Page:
However, in a recent release, the European Chemical Industry Council (CEFIC) downwardly revised its production outlook for European chemicals citing tough economic conditions in the region and weak demand across automotive and construction markets.
CEFIC, which represents the European chemicals industry, now expects chemical output to contract 1% in 2013 (versus a modest increase of 0.5% expected earlier). European chemicals output declined 1.5% in 2012. However, the association expects European chemicals industry to return to a growth of 1.5% in 2014 on stabilization of industrial production in Europe and a modest uptick in exports.
According to the ACC, emerging market growth and abundant shale gas should help drive U.S. chemical exports. A string of factors are driving growth in the export markets including favorable energy costs stemming from the abundance of shale gas and strong demand from the emerging markets.
Affordable natural gas and ethane (derived from shale gas) offer U.S. producers a compelling cost advantage over their global counterparts who use a more expensive, oil-based feedstock. New methods of extraction such as horizontal drilling and hydraulic fracturing are boosting shale production, bringing down prices of ethane in the process.
Leveraging the abundant natural gas supply and cost advantage, chemical companies are investing billions of dollars for setting up facilities (crackers) that produce ethylene from ethane. ACC report indicated that over 50 projects have been announced by the U.S. chemical makers (representing capital investment of more than $40 billion) to take advantage of ample natural gas supplies. Such investments are expected to boost capacity and export over the next several years.
Further, cost-cutting measures implemented by chemical companies including plant closures and headcount reduction should yield industry-wide margin improvements. Cash flows derived through these actions can be used for growth.
Mergers and acquisitions offer chemical companies another means to shore up growth in a still challenging economic scenario. These companies remain focused on exploring growth opportunities in the fast-growing emerging markets, particularly in the lucrative regions of Asia-Pacific and Latin (especially China and Brazil).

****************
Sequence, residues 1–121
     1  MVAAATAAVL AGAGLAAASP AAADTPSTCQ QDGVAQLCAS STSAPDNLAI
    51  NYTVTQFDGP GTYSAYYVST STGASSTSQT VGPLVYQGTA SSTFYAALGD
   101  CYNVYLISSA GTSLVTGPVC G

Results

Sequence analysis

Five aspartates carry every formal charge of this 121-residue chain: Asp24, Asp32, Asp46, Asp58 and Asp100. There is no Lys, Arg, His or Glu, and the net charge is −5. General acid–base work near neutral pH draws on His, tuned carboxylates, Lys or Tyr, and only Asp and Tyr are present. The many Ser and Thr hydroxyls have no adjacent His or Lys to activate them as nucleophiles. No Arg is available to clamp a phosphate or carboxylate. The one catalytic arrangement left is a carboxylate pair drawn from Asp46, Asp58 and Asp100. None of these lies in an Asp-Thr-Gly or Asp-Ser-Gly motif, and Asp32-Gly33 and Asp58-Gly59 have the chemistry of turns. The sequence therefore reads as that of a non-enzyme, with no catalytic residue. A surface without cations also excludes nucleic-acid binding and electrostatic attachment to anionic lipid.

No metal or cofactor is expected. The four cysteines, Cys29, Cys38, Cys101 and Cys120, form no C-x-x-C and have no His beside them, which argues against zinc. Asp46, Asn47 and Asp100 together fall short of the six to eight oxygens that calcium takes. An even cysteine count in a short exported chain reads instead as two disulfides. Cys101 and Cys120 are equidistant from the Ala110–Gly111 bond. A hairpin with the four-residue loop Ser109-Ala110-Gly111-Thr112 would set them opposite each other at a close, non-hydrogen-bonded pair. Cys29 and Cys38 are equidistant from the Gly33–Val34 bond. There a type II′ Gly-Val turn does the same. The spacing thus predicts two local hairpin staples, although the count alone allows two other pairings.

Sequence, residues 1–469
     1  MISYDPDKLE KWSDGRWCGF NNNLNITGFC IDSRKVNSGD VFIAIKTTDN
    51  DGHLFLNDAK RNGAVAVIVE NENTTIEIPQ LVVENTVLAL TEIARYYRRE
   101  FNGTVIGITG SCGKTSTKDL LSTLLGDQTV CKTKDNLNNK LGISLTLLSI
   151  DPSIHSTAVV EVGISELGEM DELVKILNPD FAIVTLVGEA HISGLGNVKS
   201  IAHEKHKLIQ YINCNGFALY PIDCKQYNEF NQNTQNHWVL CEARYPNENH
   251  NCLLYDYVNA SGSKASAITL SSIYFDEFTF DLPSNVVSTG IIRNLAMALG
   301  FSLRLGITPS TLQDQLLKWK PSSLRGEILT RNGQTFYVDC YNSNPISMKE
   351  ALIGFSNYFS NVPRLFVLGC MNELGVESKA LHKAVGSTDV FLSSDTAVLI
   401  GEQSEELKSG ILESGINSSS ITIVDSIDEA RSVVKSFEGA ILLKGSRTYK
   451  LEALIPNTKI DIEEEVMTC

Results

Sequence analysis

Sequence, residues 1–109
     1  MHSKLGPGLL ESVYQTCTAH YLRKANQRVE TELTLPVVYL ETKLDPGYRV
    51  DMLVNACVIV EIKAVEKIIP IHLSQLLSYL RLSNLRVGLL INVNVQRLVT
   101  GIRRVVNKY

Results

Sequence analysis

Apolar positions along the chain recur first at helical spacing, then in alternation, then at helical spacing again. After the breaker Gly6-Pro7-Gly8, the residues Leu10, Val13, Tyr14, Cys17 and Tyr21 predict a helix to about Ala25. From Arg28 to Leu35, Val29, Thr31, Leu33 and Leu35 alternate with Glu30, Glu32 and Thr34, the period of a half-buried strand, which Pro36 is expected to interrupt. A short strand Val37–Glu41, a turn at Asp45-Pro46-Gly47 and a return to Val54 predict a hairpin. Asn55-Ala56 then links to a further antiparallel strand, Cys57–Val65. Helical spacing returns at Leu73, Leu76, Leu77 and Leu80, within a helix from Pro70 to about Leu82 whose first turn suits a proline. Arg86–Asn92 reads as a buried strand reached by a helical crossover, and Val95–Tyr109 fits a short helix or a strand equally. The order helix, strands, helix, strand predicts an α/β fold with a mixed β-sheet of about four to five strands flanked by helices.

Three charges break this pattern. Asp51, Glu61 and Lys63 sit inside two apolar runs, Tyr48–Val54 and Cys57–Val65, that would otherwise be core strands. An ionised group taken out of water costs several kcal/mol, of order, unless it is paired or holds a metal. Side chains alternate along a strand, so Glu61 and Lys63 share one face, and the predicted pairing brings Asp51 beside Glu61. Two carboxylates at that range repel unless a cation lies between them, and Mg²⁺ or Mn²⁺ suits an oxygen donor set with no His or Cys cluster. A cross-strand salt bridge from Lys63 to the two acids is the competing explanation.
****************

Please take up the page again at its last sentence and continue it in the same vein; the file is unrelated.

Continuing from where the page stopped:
China is expected to see a recovery this year following a somewhat soft 2012. Government stimulus actions coupled with efforts to staunch inflation appears to bear fruit and exports to the U.S. and other key markets are regaining momentum. An improved demand outlook for China bodes well for the chemical industry in 2013.
Major chemical makers are increasingly focusing on businesses that cater to agriculture and nutrition markets in an effort to cut their exposure on other businesses (such as titanium pigment) that are grappling with weak demand and input costs pressure. In particular, agriculture is emerging as a lucrative market as evident from recent trends.
A healthy start in the North American growing season, strong planting activity by the growers across North and Latin America, solid order book and healthy supply of seeds and crop protection products represents the driving factors.
Chemical titan E.I. DuPont de Nemours & Co. (DD - Analyst Report) is witnessing significant momentum in its agriculture business, driven by higher volume and market share gains in seed genetics and crop protection. Its Agriculture segment delivered healthy sales in the June quarter boosted by higher seed pricing. The company expects continued strong gain in agriculture in the second half driven by new products and strength in Latin America. DuPont should also benefit from synergies of Danisco acquisition and its aggressive restructuring actions.
U.S. chemical giant The Dow Chemical Company (DOW - Analyst Report) saw its profit skyrocket in the June quarter on strength in its agriculture business, buoyed by higher demand for crop protection products. While Dow still faces challenges in Western Europe, it is benefiting from strong fundamentals in agriculture and food markets.
The company is also leveraging its North American feedstock advantage and its investments in the U.S. and Middle East are focused on boosting this advantage. A string of innovative products in its pipeline adds to its strength.
We have a bullish view on Eastman Chemical Company (EMN - Analyst Report), which delivered better-than-expected results in the most recent quarter and is well placed to benefit from its Solutia acquisition. The company's diversified chemical portfolio and integrated and diverse downstream businesses represent the pillars of strength. It also benefits from business restructuring, cost-cutting measures and increased capacity additions.
We also have a favorable view on Air Products and Chemicals Inc. (APD - Analyst Report). Strength across merchant and tonnage gases businesses coupled with acquisitions helped it to rake in healthy sales gain in the June quarter. Air Products benefits from a diverse customer base, pricing power and cost-reduction measures. New business deals and strategic investments are expected to support results this year. We are also encouraged by the incremental opportunities in liquefied natural gas (LNG) market.